Good, Bad and Downright Ugly KPIs

by Stacey Barr |

Before you can successfully find good performance measures, you have to know what a good measure is. Sometimes it’s easier to start by defining what ugly performance measures are, because the flipside of what makes a measure ugly helps you define what makes a measure good.

These are examples I gathered from various businesses and organisations of so-called measures for a customer service goal. They are all ugly performance measures:

“Win Customer Service Award”

Winning an award is an event. Good performance measures aren’t events. They are regular, ongoing, actionable feedback about the result you’re trying to improve. Besides, any customer service award worth its salt would ask you how you measure your customer service performance and use those measures as part of the criteria for judging if you deserve the award.

“Implement Customer Relationship Management by June 2011”

Implementing something by a due date is a milestone. Milestone achievement is simply evidence of an action, not a performance result. And like winning an award, they don’t give regular and ongoing feedback that’s actionable. Milestones are useful for project management, but they’re not good measures for performance management.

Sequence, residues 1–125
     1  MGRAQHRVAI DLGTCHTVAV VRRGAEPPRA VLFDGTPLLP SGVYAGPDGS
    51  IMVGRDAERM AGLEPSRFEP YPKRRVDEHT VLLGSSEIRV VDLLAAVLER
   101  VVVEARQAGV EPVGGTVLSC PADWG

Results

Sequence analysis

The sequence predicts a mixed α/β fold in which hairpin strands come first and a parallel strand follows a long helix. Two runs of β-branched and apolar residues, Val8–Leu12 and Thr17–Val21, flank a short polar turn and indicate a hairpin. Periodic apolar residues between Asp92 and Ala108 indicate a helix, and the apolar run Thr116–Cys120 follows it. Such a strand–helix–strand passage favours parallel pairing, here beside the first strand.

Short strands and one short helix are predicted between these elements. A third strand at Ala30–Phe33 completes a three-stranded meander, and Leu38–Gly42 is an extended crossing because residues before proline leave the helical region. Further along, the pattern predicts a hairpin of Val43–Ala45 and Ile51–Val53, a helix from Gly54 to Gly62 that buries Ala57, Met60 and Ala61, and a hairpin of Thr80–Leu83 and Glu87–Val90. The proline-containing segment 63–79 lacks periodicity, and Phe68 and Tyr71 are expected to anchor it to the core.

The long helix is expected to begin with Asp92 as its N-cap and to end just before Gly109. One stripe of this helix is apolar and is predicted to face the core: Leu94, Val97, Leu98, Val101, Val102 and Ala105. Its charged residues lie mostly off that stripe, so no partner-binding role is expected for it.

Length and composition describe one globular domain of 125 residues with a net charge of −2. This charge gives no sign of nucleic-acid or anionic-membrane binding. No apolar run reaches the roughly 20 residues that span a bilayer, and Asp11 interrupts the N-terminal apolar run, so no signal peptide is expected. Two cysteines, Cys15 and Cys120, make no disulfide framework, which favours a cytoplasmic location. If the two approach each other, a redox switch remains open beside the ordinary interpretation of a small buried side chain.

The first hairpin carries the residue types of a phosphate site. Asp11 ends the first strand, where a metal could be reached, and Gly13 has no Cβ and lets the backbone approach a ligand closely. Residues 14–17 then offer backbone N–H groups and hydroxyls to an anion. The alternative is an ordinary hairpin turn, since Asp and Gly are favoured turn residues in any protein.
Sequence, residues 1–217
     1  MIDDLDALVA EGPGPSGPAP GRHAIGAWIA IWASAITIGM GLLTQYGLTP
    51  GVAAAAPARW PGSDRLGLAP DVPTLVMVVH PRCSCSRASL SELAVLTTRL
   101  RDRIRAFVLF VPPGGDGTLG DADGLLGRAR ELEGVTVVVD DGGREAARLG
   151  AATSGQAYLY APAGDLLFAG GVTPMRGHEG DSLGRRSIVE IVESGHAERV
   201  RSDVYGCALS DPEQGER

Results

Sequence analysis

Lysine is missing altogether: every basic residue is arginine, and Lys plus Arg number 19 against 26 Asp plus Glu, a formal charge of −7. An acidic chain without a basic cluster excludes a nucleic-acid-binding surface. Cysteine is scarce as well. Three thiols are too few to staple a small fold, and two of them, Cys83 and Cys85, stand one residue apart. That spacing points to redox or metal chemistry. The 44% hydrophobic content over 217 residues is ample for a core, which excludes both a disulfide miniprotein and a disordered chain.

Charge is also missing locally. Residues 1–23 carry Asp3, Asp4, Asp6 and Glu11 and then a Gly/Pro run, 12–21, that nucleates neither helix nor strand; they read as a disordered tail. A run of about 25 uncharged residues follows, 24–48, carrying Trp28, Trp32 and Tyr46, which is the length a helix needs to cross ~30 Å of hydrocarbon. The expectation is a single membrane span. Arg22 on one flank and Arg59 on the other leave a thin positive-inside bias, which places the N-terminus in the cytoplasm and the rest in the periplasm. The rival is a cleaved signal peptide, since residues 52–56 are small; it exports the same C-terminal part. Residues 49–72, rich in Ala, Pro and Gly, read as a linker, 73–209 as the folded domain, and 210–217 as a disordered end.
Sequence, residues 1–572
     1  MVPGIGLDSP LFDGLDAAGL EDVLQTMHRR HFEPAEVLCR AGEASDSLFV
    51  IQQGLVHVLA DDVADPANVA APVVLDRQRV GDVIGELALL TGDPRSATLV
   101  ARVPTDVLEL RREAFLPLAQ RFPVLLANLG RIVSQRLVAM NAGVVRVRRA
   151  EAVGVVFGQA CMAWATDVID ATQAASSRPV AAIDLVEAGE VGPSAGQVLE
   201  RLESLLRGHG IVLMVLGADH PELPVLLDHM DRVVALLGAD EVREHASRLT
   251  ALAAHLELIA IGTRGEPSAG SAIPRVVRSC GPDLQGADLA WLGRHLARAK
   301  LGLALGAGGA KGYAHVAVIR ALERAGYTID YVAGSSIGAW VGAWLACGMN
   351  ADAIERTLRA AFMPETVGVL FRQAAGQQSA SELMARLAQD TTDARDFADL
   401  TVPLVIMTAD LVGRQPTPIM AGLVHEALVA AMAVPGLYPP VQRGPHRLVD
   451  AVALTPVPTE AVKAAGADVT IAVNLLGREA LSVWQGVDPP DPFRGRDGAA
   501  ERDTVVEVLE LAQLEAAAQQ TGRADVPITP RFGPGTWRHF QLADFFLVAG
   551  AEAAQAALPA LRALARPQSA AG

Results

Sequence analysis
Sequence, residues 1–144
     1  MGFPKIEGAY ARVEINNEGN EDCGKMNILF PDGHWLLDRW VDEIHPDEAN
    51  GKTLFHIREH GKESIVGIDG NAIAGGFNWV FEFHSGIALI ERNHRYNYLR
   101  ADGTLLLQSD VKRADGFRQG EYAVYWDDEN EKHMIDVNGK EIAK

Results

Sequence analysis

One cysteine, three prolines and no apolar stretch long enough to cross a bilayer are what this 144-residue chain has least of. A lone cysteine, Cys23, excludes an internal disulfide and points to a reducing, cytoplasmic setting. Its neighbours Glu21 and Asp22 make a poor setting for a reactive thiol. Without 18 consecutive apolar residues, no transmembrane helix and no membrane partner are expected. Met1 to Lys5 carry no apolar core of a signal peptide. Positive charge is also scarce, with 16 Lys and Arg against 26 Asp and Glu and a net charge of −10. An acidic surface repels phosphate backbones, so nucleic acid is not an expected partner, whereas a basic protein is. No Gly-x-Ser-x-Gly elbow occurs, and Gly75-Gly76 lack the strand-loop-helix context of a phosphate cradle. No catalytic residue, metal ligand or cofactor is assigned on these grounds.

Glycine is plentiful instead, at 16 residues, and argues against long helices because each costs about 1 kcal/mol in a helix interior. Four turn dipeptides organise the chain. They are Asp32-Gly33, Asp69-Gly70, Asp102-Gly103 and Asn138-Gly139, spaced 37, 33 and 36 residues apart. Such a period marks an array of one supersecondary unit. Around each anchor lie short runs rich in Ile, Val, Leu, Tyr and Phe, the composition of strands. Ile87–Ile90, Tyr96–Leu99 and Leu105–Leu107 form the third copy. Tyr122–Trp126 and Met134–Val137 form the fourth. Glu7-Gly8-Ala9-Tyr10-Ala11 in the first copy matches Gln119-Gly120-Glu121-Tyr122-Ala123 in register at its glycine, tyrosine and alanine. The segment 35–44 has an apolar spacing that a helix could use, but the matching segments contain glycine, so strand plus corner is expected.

“Staff Productivity”

Staff productivity is evidence of how productive staff are, not of what the customer is experiencing. Can’t you imagine how staff productivity could improve, but at the expense of customer service? And how customer service might improve but staff productivity remain unchanged or be even worse? It’s an ugly measure because it’s just not in any way relevant evidence of the result.

“Customer Loyalty”

Customer Loyalty is too ambiguous to be a good measure. There is not a universal standard for how to calculate a measure called Customer Loyalty. Loyalty means different things to different people: retention, lifetime value, referral, % share of pocket, etc… Vague labels that stand alone like this don’t make good performance measures.

“Customer Survey”

A survey is a data collection method, not a measure. A customer survey collects a lot of data, data that could be used for a wide variety of potential performance measures. Perhaps this is why surveys are usually too long and not useful: people don’t define the measures before working out the data they need and the best way to collect it.

“Customers prefer us over our competitors”

This is a performance result, not a measure. It’s describing a state we’d like to achieve, to be preferred by our customers compared to our competitors. But it’s not describing how this would be quantified. Yes, it can be quantified, maybe by something like the dollar amount customers spend with us as a proportion of what they spend with our competitors.


Download the “Have you got ugly measures?” template to find out if any of your current measures are downright ugly. If they are, follow this process to create real measures.

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